Recently on Twitter, members of the Drupal Community have been discussing ideas for the monetization of Drupal contributed projects (modules and themes), much of this has been happening under the tag #DrupalAppStore. There are currently over 1000 modules for Drupal 7 and almost 100 themes for Drupal 7 on Drupal.org. very Few of these have taken the D7 Accessibility Pledge (d7ax).
The Accessibility Pledge is meant as a method by which developers can indicate to the community that they are not aware of any accessibility barriers in their projects, and also that they are receptive to attempting to re mediate accessibility barriers if they are identified. This is a valuable proposition, and I believe that more developers should adopt the pledge for their projects, but I question if more can be done to improve the accessibility of the contributed projects on Drupal.org.
Our community values inclusion, and I have been very impressed with how much awareness and understanding of the importance of accessibility has grown during my two years of involvement. I would love to take the time to evaluate all 1100 projects currently posted for Drupal 7. However, I am certain that new projects will be released more quickly than I can perform evaluations. I also expect that this work would not end up paying my bills if done without community support.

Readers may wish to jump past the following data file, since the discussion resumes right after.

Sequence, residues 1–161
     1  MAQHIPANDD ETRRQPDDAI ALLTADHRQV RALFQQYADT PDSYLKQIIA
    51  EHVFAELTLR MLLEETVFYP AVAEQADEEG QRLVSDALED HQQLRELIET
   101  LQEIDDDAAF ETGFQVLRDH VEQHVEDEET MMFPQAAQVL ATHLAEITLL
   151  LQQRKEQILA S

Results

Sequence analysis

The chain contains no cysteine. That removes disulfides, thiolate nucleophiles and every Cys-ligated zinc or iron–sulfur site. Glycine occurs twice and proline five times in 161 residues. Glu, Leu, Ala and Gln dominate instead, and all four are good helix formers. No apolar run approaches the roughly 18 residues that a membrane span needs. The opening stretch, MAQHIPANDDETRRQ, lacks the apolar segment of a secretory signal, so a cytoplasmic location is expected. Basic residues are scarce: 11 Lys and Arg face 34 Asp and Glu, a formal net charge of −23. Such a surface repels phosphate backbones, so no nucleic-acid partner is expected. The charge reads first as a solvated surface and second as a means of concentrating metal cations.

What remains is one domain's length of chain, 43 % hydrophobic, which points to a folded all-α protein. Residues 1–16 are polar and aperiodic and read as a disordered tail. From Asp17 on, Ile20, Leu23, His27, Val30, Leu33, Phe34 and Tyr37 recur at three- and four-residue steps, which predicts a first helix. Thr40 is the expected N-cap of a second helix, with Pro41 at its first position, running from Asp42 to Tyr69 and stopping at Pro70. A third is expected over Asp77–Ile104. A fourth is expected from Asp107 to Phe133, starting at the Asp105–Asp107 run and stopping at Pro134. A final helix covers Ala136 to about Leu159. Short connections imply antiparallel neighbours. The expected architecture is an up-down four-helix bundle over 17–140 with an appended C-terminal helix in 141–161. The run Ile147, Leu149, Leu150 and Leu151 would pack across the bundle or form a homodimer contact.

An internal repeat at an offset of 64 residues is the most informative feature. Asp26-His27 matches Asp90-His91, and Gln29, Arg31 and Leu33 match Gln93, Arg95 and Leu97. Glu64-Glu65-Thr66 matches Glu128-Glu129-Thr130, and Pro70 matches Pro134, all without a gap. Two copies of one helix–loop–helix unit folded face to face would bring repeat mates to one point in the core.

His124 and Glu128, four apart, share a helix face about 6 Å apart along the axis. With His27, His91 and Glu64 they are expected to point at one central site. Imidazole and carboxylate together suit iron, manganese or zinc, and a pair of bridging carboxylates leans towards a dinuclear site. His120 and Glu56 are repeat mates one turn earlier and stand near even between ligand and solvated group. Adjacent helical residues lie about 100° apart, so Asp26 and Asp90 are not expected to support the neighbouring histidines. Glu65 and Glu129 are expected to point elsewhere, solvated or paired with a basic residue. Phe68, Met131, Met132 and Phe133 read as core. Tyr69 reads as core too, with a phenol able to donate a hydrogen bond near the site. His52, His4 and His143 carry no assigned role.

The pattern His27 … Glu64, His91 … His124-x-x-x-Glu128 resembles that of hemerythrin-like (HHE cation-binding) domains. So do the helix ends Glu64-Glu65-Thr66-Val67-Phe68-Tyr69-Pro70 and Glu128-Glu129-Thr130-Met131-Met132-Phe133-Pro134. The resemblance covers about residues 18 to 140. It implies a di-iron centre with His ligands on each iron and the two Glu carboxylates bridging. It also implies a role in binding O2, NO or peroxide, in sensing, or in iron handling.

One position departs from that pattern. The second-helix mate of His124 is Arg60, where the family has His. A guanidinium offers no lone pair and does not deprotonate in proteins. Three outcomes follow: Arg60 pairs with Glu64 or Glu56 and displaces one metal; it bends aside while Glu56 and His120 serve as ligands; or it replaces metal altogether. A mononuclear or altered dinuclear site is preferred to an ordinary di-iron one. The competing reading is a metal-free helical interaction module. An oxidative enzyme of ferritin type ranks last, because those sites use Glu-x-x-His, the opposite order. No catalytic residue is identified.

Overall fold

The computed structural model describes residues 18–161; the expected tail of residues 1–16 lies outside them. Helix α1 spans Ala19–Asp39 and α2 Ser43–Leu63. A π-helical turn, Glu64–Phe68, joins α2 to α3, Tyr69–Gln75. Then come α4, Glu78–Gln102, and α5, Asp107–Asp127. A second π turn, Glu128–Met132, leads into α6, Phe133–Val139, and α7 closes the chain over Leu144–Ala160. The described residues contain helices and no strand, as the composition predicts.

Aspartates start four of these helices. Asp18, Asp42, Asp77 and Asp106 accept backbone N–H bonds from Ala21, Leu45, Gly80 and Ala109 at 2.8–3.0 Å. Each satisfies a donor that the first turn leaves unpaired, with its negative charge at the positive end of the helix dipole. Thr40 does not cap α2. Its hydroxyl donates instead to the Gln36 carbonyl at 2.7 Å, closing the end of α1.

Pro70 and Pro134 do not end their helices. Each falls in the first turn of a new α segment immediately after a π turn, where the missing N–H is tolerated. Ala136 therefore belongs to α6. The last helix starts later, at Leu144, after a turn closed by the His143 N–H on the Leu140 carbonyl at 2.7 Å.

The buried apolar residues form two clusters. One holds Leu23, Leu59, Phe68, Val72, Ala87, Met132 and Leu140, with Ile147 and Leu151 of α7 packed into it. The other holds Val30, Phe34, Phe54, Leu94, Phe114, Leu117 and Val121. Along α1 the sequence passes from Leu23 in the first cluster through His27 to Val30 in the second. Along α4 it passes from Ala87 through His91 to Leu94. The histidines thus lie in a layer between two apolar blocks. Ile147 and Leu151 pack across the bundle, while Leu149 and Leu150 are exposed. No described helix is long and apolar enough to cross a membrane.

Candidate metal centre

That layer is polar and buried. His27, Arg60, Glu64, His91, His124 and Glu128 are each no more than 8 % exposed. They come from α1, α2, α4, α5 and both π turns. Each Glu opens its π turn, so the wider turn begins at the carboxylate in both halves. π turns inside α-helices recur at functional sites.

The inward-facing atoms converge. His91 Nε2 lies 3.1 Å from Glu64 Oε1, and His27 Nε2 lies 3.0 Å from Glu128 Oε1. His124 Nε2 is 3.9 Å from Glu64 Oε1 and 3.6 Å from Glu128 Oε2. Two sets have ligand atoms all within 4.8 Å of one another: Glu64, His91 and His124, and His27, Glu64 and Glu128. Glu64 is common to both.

In one of the Tweets about #DrupalAppStore, @Krummrey suggested that initial funding for projects could be raised through something like Kickstarter. This is in line with what many had already been saying, that there needs to be a method for those interested in a project to pool resources to ensure that the project gets completed. This isn't about anyone getting rich, but about ensuring that those who are doing needed work, that is being used freely by others, have a method of being compensated for at least a portion of the time invested into the project.
This makes me wonder whether or not there would be any benefit in using something like the Kickstarter model to assess interest and to raise funds to evaluate the accessibility of popular Drupal modules and themes. I see several benefits to using this type of model.
- More contributed projects on Drupal.org become accessible, improving the appeal of using Drupal for a project where accessibility is an imparative.
- Project maintainers are better educated about accessibility principals and best practices, by receiving a full evaluation of their project (knowledge which is transferable to other projects).
- Drupal powered web-sites, which use the projects, become more accessible to the millions in the world who are living with disabilities that affect their ability to interact with the web.
- The cost for evaluations can be spread across multiple contributors, thus lowering the economic burden for any one individual or firm.
There is clearly a significant administrative burden in attempting to initiate a project such as this, which is why sites like Kickstarter exist.
I am interested to find out, from members of the community, if the accessibility of contributed projects is an important enough priority to contribute toward financially. I am also open to ideas about how such an effort could best be organized. How can those interested be tracked, how should projects be selected, how best can accountability be ensured.